While the Ravens are identified with their powerhouse men’s basketball program, head coach Pierre Alain is hoping to emulate such success. During the 2012-13 season, Alain served as an assistant coach to the Montreal Stars, appearing in the 2013 Clarkson Cup finals. Last autumn, the  Ravens preseason saw the past and present collided for Alain as the Stars engaged the Ravens in an exhibition match. As a side note, the Toronto Furies also entertained the Ravens. Despite two tough losses, the experience gained, and the thrill of competing against some of the world’s best hockey players, was a positive learning experience for Alain’s players.

Of note, Alain’s hockey resume is nothing short of impressive. As Lisa Haley had to temporarily vacate her position as head coach with the Ryerson Rams during the 2013-14 season, in order to fulfill a lifelong dream of coaching with the Canadian national team at the Sochi Winter Games, Alain did an admirable job in her place. The experience would provide Alain with invaluable CIS coaching experience, preparing him for his new role with the Ravens.

For the 2011-12 season, Alain earned his own chance to be part of Hockey Canada’s prominent national women’s program. Serving as head coach of the U18 team, a remarkable group of players would grow to become part of a phenomenal who’s who of women’s hockey. Players such as Erin Ambrose, Meghan Dufault, Shannon MacAulay, Emerance Maschmeyer and third-generation hockey player Laura Stacey were among the members of his roster that led Canada to a gold medal at the 2012 IIHF U18 Women’s World Hockey Championships.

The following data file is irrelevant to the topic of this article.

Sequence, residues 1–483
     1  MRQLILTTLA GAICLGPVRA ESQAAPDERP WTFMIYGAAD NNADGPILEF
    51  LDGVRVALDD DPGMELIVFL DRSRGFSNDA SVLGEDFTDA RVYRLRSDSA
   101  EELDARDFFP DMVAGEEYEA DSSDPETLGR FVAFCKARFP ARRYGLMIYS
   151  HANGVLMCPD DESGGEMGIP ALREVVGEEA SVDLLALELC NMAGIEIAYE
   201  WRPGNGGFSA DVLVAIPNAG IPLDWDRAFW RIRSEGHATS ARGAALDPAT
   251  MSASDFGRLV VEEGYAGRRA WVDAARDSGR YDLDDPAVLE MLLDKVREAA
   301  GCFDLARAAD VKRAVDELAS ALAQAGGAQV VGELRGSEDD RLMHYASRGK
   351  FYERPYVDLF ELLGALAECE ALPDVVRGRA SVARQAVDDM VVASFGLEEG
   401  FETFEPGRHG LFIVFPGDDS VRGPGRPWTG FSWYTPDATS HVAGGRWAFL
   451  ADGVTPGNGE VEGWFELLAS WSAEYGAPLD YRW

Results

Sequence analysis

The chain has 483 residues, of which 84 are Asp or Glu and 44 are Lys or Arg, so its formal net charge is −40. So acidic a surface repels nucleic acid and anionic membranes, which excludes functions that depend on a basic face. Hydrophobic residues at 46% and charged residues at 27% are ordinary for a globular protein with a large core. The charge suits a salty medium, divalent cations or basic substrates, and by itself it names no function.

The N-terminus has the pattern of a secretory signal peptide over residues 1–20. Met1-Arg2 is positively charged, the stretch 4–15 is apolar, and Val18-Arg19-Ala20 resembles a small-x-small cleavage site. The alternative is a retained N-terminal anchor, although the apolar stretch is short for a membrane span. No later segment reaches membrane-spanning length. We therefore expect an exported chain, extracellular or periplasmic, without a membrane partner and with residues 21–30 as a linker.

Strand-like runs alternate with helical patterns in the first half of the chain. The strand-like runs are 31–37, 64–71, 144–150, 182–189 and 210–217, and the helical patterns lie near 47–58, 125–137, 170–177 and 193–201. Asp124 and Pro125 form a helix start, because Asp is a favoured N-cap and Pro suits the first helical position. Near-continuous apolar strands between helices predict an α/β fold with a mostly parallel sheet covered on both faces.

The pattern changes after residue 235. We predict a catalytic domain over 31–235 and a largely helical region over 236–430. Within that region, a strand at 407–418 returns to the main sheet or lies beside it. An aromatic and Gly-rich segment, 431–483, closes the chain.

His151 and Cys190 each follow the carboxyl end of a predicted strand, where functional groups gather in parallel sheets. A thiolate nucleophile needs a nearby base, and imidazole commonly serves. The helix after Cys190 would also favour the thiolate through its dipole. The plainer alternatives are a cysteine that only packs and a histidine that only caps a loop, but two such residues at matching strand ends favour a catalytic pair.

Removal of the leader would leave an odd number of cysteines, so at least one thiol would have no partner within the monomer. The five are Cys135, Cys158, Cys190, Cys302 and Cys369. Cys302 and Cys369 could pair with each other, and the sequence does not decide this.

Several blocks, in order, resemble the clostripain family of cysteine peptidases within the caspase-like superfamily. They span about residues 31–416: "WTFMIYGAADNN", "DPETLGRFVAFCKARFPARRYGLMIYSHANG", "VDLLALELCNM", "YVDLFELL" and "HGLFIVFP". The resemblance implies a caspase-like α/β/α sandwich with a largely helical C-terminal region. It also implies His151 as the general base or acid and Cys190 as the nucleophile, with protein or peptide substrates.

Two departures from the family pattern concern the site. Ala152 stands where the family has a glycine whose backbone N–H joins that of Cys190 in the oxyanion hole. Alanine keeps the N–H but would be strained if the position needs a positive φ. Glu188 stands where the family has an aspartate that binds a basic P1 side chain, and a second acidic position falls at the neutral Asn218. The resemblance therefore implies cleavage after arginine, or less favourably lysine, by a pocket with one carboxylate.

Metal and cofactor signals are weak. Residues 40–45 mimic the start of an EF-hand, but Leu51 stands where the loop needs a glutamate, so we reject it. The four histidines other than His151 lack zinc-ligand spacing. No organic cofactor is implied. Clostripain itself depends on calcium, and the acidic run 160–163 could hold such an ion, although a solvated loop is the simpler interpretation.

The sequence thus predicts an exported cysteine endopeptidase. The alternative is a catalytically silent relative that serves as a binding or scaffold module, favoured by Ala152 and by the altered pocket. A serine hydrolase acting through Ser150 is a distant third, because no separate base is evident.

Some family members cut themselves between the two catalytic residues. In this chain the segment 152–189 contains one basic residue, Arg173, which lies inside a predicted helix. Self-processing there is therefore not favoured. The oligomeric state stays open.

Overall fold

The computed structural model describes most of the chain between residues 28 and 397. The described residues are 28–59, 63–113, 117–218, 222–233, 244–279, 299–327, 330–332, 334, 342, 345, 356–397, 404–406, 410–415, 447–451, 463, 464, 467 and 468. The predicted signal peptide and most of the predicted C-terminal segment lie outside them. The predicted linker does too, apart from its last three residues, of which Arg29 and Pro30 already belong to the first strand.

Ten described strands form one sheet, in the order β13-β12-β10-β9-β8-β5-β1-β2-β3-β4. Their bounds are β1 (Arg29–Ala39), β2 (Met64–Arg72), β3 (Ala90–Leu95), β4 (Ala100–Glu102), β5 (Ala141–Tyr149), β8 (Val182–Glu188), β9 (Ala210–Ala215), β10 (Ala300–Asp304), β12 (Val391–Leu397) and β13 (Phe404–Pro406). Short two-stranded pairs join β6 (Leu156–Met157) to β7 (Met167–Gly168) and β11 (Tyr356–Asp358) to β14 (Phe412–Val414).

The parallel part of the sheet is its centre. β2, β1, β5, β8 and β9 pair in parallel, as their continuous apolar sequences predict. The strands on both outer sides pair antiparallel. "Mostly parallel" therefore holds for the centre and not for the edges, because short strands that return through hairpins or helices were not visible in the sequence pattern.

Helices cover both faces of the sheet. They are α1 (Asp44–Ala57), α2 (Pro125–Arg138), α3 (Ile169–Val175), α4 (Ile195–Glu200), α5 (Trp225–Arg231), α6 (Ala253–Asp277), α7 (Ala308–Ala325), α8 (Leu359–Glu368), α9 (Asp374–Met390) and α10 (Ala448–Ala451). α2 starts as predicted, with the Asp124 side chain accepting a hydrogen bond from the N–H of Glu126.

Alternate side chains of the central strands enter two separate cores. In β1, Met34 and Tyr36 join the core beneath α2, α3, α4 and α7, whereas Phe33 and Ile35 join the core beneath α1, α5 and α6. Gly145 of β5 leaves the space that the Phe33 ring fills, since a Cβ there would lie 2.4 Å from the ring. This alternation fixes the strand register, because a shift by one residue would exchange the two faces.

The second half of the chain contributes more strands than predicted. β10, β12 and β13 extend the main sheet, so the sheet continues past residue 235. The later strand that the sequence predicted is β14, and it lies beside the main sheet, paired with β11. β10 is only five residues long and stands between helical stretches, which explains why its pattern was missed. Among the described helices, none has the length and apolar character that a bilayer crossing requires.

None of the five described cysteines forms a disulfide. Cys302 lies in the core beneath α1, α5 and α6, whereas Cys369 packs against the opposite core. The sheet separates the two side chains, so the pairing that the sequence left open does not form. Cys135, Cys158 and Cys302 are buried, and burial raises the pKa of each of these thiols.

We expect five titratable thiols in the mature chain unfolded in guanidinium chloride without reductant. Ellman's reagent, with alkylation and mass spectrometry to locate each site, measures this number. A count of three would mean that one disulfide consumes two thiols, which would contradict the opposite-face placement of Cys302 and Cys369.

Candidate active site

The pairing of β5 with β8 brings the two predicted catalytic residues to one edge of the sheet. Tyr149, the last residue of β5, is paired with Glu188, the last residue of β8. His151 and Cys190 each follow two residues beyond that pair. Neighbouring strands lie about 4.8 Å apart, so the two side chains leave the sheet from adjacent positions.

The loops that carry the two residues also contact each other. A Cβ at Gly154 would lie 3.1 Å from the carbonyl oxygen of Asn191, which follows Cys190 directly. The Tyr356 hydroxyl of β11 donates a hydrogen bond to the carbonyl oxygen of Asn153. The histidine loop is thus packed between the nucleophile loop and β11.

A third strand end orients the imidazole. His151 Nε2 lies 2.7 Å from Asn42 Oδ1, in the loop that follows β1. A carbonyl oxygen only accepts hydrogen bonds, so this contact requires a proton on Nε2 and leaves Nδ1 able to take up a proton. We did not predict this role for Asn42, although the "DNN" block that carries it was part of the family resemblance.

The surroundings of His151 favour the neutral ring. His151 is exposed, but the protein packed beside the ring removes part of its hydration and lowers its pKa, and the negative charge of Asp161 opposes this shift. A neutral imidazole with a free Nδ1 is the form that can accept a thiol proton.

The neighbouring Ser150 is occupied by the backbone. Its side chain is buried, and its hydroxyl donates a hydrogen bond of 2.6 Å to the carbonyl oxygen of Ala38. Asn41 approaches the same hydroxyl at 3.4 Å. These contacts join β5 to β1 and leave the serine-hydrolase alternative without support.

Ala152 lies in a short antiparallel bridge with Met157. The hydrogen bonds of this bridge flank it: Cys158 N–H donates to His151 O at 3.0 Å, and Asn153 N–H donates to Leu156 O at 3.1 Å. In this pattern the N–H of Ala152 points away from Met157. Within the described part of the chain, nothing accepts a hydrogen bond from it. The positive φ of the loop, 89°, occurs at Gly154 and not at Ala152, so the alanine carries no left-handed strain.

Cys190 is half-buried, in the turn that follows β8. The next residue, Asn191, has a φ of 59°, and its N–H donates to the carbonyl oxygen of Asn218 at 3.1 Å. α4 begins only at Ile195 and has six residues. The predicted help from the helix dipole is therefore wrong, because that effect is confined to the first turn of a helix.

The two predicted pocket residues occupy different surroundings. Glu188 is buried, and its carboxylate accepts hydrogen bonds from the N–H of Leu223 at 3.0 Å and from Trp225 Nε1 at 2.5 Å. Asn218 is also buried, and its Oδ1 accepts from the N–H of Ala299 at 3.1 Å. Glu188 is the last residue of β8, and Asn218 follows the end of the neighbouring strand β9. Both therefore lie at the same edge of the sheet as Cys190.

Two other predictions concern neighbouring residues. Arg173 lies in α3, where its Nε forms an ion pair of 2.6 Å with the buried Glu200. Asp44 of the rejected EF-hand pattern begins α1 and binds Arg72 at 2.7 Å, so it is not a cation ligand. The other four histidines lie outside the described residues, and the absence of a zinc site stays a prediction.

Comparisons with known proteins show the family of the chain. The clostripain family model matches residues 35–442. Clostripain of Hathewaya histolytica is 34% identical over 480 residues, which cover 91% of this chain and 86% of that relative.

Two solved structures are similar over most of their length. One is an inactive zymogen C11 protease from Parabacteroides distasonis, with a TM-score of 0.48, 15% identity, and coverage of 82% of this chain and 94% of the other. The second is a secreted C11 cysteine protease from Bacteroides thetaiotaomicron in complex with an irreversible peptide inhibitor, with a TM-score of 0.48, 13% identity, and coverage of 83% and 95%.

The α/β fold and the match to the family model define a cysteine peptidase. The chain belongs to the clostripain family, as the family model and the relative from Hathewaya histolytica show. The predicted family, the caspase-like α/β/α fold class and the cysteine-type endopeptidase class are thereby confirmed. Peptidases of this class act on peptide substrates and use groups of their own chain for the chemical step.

Joining him in the latest chapter of his hockey journey is Lyne Landry, one of the most prominent builders of women’s hockey in Ottawa. While she first served on the Ravens coaching staff in the 2012-13 campaign under Shelley Coolidge, she is also known for her role as a CWHL competitor. One of the members of the Ottawa Capital Canucks, competing in the CWHL’s inaugural season (2007-08), she would serve as one of the club’s leaders.

After the team (later rechristened Ottawa Lady Senators) was dissolved in the aftermath of the 2009-10 season, she would serve in a leadership capacity for an elite Senior A women’s hockey league. Through her current role as a coach, her legacy in Ottawa women’s hockey only strengthens as a strong sense of local pride brings encouragement to the rebuilding Ravens.

Joining the fold is Jody Katz, whose CWHL background includes coaching, management and executive leadership. Having once played at the NCAA level for Niagara University, Katz worked to tirelessly to maintain the status of the Brampton Thunder as one of the finest franchises in all of Canada. Having drafted a pair of Patty Kazmaier Award winners (Sara Bauer, Vicki Bendus) during her time as Brampton’s GM, she was also willing of consideration to CIS players.

Her most famous CIS player was legendary goaltender Liz Knox, the winner of the 2010 Brodrick Trophy. As head coach of Brampton in 2012, Katz showed great confidence in Knox, making her the starting goalie. The Wilfrid Laurier alum would reward Katz’s faith in her. Leading the club to the Clarkson Cup finals, Knox became the first rookie in Cup history to start in a championship game. By Katz drafting several CIS players, it not only raised the profile of CIS hockey but showed its significance as a great source of hockey talent.

With three highly acclaimed individuals ready to bring winning hockey and a fundamentally sound game to the Carleton Ice House, it also provides great promise with recruiting. Such key building blocks that were acquired in autumn 2014 included forward Sidney Weiss and goaltender Katelyn Steele, both among the Ravens leaders in numerous statistical categories.  Although every win shall be hard-earned in such a tough conference, the confidence instilled by the CWHL influenced coaching staff should ensure that the Ravens are ready to fly higher than ever.
Images obtained from Carleton Ravens Athletics




Wednesday, 15 April 2015

NWHL announces inaugural puck drop to take place in October